Home Bases And Early Hominids

Home Bases And Early Hominids Home Bases and Early Hominids is an article that looks at the earlier studies that suggests early hominids living in home bases and the new studies that may suggest different. The first archaeological sites from the Late Pliocene to the Lower Pliocene represented home bases suggesting that early hominids shifted their way of life to a way of life like present hunter and gathers (Potts, 338). However recent studies done from Olduvai Gorge suggests there are possible differences from early hominid to modern hunter and gathers. These differences have a significant meaning in the evolution of the hunting and gathering way of life. An archaeological site from the Paleolithic is usually defined by a concentration of stone artifacts (Potts, 338).

Henri Martin and Davidson Black, tried to infer hominid behavior and ecology from the ancient archaeological remains and assumed that the association of fossil animal bones with stone tools was an important source of information about hominid activities (Potts, 338). In the nineteen sixties early archaeological sites and the study of hominid activities was much more widely acknowledged. The archaeological remains at Olduvai Gorge in Tanzania at Koobi Fora in Kenya, and in the Omo Valley of southern Ethiopia were about four times older than sites previously known. The time range of stone tool was pushed back greatly from five hundred thousand years to two million years. This brought about the very important question that every one was wondering how did these humans live? They wonder did these humans hunt and gather or live by foraging like present day baboons on the savanna. The link between early archaeological sites and hominid activities has been investigated in depth at Olduvai Gorge and Koobi For a (Potts, 338).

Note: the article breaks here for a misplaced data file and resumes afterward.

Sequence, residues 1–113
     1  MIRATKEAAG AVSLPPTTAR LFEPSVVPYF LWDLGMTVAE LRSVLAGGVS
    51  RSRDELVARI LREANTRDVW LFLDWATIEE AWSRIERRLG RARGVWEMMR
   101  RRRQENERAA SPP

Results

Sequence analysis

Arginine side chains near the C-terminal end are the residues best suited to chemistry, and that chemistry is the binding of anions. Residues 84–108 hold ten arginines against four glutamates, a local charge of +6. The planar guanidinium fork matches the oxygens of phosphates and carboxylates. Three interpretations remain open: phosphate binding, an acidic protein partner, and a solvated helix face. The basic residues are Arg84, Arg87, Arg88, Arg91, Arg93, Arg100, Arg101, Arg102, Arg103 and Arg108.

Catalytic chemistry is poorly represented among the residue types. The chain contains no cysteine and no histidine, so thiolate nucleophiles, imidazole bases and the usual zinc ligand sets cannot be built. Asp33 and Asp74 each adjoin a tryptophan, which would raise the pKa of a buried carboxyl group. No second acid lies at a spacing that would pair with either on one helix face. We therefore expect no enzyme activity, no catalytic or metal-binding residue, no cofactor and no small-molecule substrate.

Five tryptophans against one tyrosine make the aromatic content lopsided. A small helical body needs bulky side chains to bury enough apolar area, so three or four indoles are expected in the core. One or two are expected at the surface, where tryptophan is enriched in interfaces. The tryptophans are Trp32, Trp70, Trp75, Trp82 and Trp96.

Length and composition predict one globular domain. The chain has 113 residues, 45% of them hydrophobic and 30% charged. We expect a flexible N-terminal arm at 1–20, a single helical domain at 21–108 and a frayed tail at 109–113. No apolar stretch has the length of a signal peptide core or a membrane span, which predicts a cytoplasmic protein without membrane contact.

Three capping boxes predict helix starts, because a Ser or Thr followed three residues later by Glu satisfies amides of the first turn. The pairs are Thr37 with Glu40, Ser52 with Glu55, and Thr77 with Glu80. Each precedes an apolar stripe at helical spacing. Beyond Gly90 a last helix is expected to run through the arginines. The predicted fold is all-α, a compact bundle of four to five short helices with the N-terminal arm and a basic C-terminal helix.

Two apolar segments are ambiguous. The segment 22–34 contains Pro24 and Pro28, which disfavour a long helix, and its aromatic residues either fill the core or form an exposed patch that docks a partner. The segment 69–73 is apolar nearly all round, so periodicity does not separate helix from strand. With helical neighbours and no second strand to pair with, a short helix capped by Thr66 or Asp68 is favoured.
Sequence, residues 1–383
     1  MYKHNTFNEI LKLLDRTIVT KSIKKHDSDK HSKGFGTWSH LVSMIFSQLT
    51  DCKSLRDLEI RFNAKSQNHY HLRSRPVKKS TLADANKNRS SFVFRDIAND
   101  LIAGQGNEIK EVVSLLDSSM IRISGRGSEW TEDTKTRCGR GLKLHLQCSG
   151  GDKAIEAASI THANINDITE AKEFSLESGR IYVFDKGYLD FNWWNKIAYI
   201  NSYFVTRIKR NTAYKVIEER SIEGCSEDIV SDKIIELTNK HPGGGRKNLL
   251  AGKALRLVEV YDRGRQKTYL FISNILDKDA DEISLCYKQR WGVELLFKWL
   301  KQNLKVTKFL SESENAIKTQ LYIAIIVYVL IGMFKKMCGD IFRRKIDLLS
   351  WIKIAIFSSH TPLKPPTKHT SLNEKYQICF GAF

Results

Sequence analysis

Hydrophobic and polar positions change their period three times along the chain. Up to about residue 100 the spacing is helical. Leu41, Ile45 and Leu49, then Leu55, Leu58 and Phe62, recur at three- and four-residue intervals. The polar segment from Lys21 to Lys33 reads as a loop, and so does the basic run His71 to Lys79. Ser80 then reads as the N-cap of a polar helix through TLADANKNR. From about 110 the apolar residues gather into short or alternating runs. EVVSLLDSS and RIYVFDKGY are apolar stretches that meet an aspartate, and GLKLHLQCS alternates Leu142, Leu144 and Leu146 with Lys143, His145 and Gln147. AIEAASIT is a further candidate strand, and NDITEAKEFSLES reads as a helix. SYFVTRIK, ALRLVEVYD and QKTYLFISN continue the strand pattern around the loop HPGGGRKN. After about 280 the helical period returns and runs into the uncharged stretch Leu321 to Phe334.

Potts research has focused on six stratigraphic levels at Olduvai, excavated by Leakey. Most of bones uncovered from these sites were broken some into small pieces before they were buried and fossilized. A wide diversity of species were represented: zebra, hippopotamus, rhinoceros, antelopes, pigs, giraffes, elephants, primates, and, carnivores (Potts, 339). Some aquatic animals and other small vertebrates were presented but the antelope are most abundant in the fossils. Five to ten species are identifiable in the bones from each level.

Tools were also found such as stream cobbles and other pieces of rocks that were flaked repeatedly but in a crude way. The most abundant type of artifact at each site is debitage. These flakes seamed to be used but not intentionally made to be used. Finally each site contained stone pieces of stone raw material, which exhibit no evident traces of flaking or use. Isaac has recently suggested that the first interpretations of these early archaeological sites relied on observation of modern hunter-gathers (Potts, 339). As far as it is known all hunter-gathers do their activities around a campsite or home bases.

As Potts describes debris builds up in well-defined places through out the habitat leaving behind stone artifacts and animal bones in clusters. Paleolithic archaeologists have drawn an analogy between modern day hunter-gathers and the remains from humans of earlier times. The concept of home base and the activities connotes have been important in the interpretation of the earliest archaeological sites. In particular sites such as Bed one at Olduvai it is widely recognized to provide evidence for the existence of home bases during the Plio-Pleistocene. This implies that a hunter gathering way of life has existed during ninety-nine percent of human history since the beginning of stone tool making (Potts, 340). This concept has two important aspects in paleoanthropology, one the sharing of food and two the safety offered from a protected base camp.